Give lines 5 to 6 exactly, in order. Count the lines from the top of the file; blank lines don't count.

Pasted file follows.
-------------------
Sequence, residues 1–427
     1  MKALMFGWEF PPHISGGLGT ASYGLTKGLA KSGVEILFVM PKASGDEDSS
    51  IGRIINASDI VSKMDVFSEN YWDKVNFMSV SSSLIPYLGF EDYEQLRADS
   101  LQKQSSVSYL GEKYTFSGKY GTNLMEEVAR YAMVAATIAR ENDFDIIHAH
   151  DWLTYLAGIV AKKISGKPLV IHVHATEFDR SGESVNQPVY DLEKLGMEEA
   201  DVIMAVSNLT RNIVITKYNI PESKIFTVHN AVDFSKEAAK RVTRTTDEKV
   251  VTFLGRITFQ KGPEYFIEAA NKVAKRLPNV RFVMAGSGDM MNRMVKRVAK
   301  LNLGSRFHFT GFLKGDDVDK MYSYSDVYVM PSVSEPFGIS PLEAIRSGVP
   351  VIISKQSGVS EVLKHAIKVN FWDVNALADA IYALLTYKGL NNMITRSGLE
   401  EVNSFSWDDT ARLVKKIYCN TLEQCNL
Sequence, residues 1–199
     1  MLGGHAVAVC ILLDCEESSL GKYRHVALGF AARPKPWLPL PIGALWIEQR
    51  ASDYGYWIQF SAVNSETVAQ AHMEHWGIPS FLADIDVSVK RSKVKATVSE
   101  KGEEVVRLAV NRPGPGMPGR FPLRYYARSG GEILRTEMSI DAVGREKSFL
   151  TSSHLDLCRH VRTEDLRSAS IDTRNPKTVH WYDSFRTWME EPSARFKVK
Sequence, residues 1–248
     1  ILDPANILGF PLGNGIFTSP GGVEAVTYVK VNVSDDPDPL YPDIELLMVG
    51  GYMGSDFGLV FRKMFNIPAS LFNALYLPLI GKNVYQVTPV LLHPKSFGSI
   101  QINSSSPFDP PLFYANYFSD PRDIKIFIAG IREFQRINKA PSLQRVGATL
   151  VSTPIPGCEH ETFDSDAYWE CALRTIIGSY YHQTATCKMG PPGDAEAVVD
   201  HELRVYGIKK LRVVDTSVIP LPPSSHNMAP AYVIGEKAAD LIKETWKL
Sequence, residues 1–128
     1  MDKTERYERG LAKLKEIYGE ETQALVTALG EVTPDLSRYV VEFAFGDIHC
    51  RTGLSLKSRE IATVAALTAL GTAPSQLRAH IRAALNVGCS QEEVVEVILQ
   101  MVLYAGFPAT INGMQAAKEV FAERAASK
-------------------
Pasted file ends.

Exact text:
   151  DWLTYLAGIV AKKISGKPLV IHVHATEFDR SGESVNQPVY DLEKLGMEEA
   201  DVIMAVSNLT RNIVITKYNI PESKIFTVHN AVDFSKEAAK RVTRTTDEKV